In Germany students celebrate their graduation from High School or Gymnasium with an Abifeier (from the graduation certificate or Abitur), "Abi Party" or an "Abi Ball" - although most British or American students would fail to observe any of the traditional formality found in their own events. Students are not compelled to wear Tuxedos and the women students are rarely in ball gowns. Apart from the "Abi-Ball" where students have to wear tuxedos and ball gowns. The event often follows a very rigid running order, with welcome, introductions, an award ceremony for students and then a series of student organised activities that tend to make fun of teachers usually with a joke about their bicycles or an extended hagiography about the favourite teacher. This is followed by the school's own band or bands or even an extended demonstration of all of the artistic outpourings of the students and staff. The event normally ends with a DJ playing music. Alcohol is available at these events since the legal drinking age in Germany is 16 (for beer and wine) and most graduating students are 18 or older.

In Colombia many private schools usually have "proms" as well, in Medellin for example hotel rooms are booked for this purposes and alcohol is usually available.

In South Africa the equivalent is a Matric Dance, taking place during the matriculation (i.e. final) year of high school. In most schools it takes place on the Friday evening that schools close for the spring break before the Matriculation Examinations commence. The tradition is, however, very similar to the American one.

In Malaysia proms are gaining more and more popularity, and being held by more schools, especially in the bigger cities. However, these gatherings are usually fully organised by students only, and the school administration is not involved.

In Pakistan the equivalent is farewell dinner & farewell function that takes place at the end of the college academic year. In farewell function one lady is appointed as "lady of the evening" and one guy is appointed as "Gentleman of the evening".

In Poland the more-less equivalent of prom is called Studniówka, which is happening around 100 days before final high-school exams (from sto dni -- hundred days), which is organized mostly for people who are just about to graduate. People from other years cannot come by themselves, but are often invited by their older friends.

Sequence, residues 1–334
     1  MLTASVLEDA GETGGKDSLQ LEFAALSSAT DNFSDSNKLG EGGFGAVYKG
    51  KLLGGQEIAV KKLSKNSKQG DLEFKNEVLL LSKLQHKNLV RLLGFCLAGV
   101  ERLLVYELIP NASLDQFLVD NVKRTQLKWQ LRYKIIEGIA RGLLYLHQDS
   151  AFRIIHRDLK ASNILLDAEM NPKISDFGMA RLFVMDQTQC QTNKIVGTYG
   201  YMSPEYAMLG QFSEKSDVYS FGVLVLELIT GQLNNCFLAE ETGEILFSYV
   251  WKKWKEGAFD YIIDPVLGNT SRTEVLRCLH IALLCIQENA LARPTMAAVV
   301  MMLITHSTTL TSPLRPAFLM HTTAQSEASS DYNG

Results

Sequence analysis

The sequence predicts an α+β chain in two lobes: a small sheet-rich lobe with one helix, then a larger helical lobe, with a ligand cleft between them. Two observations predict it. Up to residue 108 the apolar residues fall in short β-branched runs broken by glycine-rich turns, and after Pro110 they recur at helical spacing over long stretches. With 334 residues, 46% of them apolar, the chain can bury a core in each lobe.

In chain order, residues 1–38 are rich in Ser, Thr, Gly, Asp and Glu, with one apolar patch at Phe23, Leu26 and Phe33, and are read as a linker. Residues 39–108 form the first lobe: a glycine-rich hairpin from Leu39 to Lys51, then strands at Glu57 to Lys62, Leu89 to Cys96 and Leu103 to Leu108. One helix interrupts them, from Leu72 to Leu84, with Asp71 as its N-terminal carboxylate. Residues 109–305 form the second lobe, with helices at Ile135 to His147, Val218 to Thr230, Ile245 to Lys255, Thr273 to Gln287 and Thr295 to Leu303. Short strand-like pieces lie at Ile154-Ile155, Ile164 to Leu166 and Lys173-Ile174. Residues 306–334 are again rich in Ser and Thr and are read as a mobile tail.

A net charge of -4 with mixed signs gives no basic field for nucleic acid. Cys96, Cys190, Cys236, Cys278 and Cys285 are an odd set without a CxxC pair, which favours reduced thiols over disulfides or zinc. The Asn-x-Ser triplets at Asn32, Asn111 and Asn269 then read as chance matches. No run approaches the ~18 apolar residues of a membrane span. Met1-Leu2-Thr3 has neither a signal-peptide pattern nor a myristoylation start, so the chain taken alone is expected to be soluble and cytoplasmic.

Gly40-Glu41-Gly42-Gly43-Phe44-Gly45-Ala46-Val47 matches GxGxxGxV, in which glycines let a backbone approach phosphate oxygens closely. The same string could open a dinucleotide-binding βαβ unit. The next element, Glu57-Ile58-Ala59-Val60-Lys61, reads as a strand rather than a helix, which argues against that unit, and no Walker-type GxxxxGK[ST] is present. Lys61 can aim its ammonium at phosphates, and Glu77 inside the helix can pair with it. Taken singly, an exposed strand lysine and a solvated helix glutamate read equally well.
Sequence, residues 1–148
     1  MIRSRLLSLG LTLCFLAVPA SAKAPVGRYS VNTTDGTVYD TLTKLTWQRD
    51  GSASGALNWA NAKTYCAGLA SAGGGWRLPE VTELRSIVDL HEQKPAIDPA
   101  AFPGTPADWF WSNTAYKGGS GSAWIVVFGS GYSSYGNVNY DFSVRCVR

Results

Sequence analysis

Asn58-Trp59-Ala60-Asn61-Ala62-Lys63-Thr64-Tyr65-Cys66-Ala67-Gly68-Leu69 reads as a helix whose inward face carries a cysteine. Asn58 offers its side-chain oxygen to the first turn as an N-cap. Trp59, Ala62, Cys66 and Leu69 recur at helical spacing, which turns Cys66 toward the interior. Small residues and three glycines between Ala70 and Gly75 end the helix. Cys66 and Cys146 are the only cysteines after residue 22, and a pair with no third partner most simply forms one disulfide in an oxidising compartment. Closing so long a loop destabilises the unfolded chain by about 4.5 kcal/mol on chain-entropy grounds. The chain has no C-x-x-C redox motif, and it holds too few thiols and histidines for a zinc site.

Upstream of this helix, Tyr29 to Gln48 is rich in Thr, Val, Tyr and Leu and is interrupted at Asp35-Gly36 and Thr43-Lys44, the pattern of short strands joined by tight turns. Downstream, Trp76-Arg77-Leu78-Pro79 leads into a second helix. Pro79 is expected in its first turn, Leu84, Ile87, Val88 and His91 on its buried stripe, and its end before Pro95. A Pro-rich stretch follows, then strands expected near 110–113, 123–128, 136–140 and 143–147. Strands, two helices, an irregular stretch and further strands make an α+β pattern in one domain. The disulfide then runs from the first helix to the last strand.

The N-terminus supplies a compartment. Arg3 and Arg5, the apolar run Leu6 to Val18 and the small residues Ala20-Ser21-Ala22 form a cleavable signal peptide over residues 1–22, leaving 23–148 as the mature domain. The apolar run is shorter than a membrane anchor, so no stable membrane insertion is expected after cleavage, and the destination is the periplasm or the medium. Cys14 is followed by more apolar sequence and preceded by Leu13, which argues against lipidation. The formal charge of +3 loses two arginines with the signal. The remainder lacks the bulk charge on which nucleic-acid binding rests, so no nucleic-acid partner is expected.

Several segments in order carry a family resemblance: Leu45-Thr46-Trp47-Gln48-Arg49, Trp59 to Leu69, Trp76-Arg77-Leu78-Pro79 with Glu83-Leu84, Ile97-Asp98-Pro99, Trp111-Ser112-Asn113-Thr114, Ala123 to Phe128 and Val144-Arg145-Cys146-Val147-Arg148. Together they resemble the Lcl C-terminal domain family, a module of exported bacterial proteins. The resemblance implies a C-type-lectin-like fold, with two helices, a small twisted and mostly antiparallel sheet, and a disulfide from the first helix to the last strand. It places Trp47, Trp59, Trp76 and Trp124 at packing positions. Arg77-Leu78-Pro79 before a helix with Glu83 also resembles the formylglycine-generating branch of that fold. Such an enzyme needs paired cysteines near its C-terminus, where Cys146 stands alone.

In India the equivalent is a farewell party or farewell gathering. The outgoing students are given a warm send-off by the junior students and staff. All the seniors are felicitated with souvenirs and best outgoing students are given awards.

In Slovakia the closest thing to a prom is Stužková, an occasion when the seniors get together with their parents and teachers to celebrate their upcoming graduation. It takes place in November or December. Each of the students receives a green ribbon with their name on it (thus the name Stužková, i.e. the Ribbon Ball). Many of the students will wear this ribbon on their jackets/shirts for the rest of the year. Stužková typically includes a banquet, skits and songs prepared by students, and, of course, dancing.

In Slovenia the equivalent is Maturantski ples after graduating from high school. Students can bring dates and/or close family to the ball. It is a custom that each student dances the first dance of the night with his mother/her father.

In Turkey the equivalent is called "Graduation Ball". The type and the rules of the organization is completely up to the school board.

In Italian military schools the equivalent is known as "Mak Π 100" because it takes place 100 days before the students' graduation in high school. In civil schools a party called Mak Π 100 is usually held every year (thus it is not restricted to graduates), sometimes in place of one of the final school days or in a discos; it is not a formal event, and the students will often perform cabaret shows in which they make a parody of their teachers.

In Peru, proms/ "Fiesta de Promocion"are usually held at hotels, convention centres or big residences (at the house of a graduating student, for isntance). The dress code is formal, some parents and teachers are often invited, but they don't stay the whole night. Dinner is served as well as alcoholic drinks and delicatessen; breakfast is often served the next day, at around 6-7 am in the morning.

In Chile, proms or "fiestas de graduación" (graduation parties) are usually held at convention centers or hotels after the "licenciatura" or graduation from High School, and sometimes after taking the PSU (Chilean University Entrance Exam) in December. Students are expected to dress with evening dresses and tuxedos. They are allowed to go with a date, whether it is their significant other, a friend, or a relative. It usually starts by dancing a waltz with the opposite sex parent, and a dinner. After the dinner, the parents leave, and the dance starts until the next day. Food like hors d'oeuvres and a small breakfast and alcohol drinks are available during the party.

In Brazil, bailes de formatura are usual at the end of high school and at college graduation. There's no crowning of a king or a queen in any fashion, but nightgowns and suits are required. Family may or may not be included, and there's usually a live band playing in a rent ballroom, or at least a DJ is hired to command the music. Youngsters often drink heavily at these balls.

In Lithuania, prom is held after final exams usually the same day when high school diplomas are presented, the event is called išleistuvės. The more-less equivalent of prom is called Šimtadienis, which is happening around 100 days before final high-school exams (from šimtas dienų -- hundred days), which is organized mostly for people who are just about to graduate and is orginized by junior classes.

In Finland the equivalent of the prom is called Vanhojen tanssit.

In Egypt most private schools have proms similar to the USA.

In Vietnam the equivalent of the prom is called lien hoan cuoi nam.

Anti-prom is an alternative social gathering, usually held to protest a prom.

See also